Thursday, April 1, 2010

SAML, REST, smart phones and you

(or Smart devices, not so smart protocols)

I've been working on and off with a customer on a project that involves all sorts of cool buzzwords - iPhone/Android/Blackberry Apps as clients, using REST to invoke Web Services, authenticating via SAML. While I can't go into the details or reveal too much about the project there is one line of discussion that is really interesting.

First the background:
  1. A thick client, running on a smartphone, will do some sort of handshake with one web server to authenticate the user.
  2. Once the user is authenticated that server will issue the user a SAML Assertion.
  3. The client will then use the SAML assertion to authenticate to a different server and will send REST-style requests to invoke services on that server.
So something like this:

This begs the question why not just use a conventional web SSO product like Oracle Access Manager? An excellent question, the short version of which is that the Authentication Server and the REST Server are run by two different companies and don't share any infrastructure (a more common situation than you might think).

SAML actually solves a whole bunch of painful problems in this architecture - the AuthN server can sign the SAML Assertion to prove its validity and protect it from alteration and encrypt it to prevent the user from even seeing its contents. SAML also allows the AuthN server to send additional information about the user (i.e. attributes) in an extensible way - and additional attributes can be added later without needing to change any infrastructure, communication protocols or even the client.

Did you fill up your Buzzword bingo card yet?

So moving on to the problems...

Transmitting the SAML Assertion
If we were using SOAP to go from the device to the server WS-Security would have solved all of our problems. That standard spells out exactly how to attach a SAML assertion to a SOAP message so that both the client and server can understand. Unfortunately almost all "smart" devices lack a full SOAP stack. Further complicating matters is the fact that REST is a (air quote) "standard" intended to be a very lightweight way to send requests to a server and get back a structured response. Because it's intended to be so much simpler than SOAP there's very little (read no) standards around things like authentication, encryption, signing or any of the things that make SOAP a bit complicated at times.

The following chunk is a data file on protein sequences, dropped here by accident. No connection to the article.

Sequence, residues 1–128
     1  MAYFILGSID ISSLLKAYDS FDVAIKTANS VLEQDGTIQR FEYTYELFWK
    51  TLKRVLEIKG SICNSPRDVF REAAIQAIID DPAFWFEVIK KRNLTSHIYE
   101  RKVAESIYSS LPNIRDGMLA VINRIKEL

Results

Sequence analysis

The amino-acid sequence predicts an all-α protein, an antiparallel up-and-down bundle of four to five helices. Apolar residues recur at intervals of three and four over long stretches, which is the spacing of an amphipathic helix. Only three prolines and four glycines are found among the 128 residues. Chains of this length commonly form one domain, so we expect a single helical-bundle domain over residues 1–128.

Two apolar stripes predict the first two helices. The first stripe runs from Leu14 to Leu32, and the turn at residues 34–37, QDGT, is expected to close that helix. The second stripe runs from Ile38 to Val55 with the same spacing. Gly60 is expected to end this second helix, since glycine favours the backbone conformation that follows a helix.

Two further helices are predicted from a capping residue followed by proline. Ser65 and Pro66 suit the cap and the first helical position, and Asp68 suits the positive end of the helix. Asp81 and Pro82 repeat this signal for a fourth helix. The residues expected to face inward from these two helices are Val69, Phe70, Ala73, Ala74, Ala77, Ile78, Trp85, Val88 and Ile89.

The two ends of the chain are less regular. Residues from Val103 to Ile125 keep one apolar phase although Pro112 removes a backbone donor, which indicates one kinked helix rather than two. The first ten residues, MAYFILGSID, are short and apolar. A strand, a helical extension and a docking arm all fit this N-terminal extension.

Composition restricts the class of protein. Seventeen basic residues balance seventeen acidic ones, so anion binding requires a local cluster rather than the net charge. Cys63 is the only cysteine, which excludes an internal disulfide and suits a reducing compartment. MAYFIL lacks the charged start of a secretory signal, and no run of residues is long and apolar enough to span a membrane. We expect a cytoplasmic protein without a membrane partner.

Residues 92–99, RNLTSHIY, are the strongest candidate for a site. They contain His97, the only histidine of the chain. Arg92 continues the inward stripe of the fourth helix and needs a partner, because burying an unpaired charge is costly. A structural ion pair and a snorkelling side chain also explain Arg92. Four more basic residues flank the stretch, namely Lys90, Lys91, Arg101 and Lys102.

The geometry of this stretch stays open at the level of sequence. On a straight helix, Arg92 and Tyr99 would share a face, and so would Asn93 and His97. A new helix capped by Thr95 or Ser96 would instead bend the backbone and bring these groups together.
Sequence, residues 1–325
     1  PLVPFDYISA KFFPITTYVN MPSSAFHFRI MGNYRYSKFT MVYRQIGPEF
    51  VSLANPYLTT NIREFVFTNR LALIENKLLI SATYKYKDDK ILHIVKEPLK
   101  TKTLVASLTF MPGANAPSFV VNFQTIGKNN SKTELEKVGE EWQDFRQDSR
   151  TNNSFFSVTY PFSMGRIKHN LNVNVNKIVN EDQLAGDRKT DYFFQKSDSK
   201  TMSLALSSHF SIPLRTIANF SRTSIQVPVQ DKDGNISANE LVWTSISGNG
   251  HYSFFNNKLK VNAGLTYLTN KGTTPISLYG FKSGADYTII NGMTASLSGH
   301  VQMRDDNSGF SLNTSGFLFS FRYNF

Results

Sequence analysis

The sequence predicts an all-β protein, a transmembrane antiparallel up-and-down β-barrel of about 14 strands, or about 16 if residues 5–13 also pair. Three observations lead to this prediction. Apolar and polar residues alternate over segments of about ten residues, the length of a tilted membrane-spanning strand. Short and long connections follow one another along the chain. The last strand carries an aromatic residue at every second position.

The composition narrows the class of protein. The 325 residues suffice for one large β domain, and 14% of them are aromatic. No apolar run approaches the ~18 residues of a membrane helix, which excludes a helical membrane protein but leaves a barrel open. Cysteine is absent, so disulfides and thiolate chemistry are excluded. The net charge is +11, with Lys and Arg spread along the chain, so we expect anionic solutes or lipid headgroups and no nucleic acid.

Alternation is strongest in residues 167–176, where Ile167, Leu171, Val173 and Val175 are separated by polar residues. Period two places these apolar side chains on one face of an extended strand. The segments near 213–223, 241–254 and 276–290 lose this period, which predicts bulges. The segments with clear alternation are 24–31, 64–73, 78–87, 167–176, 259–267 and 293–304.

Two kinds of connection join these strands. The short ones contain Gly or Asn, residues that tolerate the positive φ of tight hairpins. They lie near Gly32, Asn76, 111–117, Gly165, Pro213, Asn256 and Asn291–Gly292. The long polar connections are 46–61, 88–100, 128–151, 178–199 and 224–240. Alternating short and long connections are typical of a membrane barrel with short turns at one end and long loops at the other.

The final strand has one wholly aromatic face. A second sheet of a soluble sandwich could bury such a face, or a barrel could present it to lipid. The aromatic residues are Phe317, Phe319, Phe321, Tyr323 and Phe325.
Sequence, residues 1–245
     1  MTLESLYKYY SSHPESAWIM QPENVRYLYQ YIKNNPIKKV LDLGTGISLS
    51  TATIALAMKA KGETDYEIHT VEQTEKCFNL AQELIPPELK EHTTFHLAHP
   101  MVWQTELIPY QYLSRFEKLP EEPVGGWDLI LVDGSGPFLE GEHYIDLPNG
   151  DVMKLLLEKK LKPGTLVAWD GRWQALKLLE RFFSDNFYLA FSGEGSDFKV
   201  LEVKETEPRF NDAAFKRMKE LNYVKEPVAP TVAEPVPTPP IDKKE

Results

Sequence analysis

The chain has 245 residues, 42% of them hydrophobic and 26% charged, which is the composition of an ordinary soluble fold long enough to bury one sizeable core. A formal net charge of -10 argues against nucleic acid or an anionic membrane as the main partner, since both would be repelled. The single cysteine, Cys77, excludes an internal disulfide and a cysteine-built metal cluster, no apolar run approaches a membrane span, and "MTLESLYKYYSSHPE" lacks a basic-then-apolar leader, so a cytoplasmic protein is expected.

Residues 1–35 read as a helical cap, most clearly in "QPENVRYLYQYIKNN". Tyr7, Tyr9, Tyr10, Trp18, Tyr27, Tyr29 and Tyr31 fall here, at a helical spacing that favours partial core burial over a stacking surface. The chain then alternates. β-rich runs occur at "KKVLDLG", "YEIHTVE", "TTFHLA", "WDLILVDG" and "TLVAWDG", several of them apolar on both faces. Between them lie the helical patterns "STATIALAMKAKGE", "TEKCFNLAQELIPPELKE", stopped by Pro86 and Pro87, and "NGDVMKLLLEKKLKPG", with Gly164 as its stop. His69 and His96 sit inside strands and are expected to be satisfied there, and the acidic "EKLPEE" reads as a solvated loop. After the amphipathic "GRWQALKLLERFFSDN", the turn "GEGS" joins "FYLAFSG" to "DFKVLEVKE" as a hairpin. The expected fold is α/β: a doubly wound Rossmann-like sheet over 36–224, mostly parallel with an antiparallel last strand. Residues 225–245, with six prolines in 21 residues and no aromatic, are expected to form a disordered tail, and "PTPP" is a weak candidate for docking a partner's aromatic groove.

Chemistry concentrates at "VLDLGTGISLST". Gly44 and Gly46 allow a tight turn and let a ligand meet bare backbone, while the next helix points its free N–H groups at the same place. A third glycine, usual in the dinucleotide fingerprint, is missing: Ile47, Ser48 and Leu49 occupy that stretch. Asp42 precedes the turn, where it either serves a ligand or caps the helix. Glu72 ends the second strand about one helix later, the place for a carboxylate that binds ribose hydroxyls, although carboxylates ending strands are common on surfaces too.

All of which is just a long way to say that you're basically on your own figuring out how to use SAML with REST.

There are a few obvious options of how to use SAML with REST.
  1. Send the SAML assertion to the server and swap it for a cookie. Your deployment then becomes nothing more than a standard web SSO situation and your application doesn't need to worry about the SAML bits.
  2. Send the SAML assertion in every request as part of the POST data. This places the responsibility for parsing the SAML assertion into your application logic or something that can see and handle the HTTP POST data stream.
  3. Send the SAML assertion in every request as an HTTP header. This is a slight variant of #2 that is more similar to SOAP's WS-Security model where the authentication information is separated from the actual input/output parameters of the call.
I like option 1 because it pushes handling the SAML assertion out of scope, or in other words into an S.E.P. On the other hand having a thick client interacting and cooperating with a web SSO solution introduces a whole raft of other issues including properly handling things like idle and session timeouts, dealing with redirects, and a long list of others. Web SSO products were designed to interact with web browsers and their 'on the wire' behavior can be difficult to understand from an HTTP client's perspective. I'm not convinced that this is the best solution to our problem so on to options 2 and 3.

Option 2 and 3 are nearly identical - differing only in where the assertion goes in the HTTP request. That subtle difference is actually kinda a big deal and after thinking about it for a while I think I vastly prefer option 3 to option 2. Besides the logical separation of authentication and inputs I have a few other reasons, such as the fact that POST data can only generally be consumed once which is really important for my next trick.

You probably know about Servlet Filters, and if you've been reading this blog for a while you probably know about WebLogic's security framework (often called the SSPI framework). What you may not know about is how to put them together into a Servlet Authentication Filter. Basically you write a Servlet Filter that takes on responsibility for getting the authentication token and then ask WebLogic to go call the authentication provider for you. If everything works out WebLogic goes ahead and establishes a session for you. Then when your actual service wants to know who is invoking the service it can ask by calling

No fuss no muss. And most importantly you don't have to commingle service logic with any code to deal with SAML, encryption keys, XML parsing or anything else unrelated to actually doing your actual work!

Session Management
One of the concerns with sending the SAML assertion along with every request is the performance impact of the XML and crypto operations. If you are invoking a simple service (hello world for example) the overhead of all of the SAML seems like it might be awfully expensive. If you had to pay that price with every request the overhead would quickly eat up your CPU cycles grinding even a reasonably fast machine to a halt under load.

Thankfully WebLogic's designers thought about this very problem.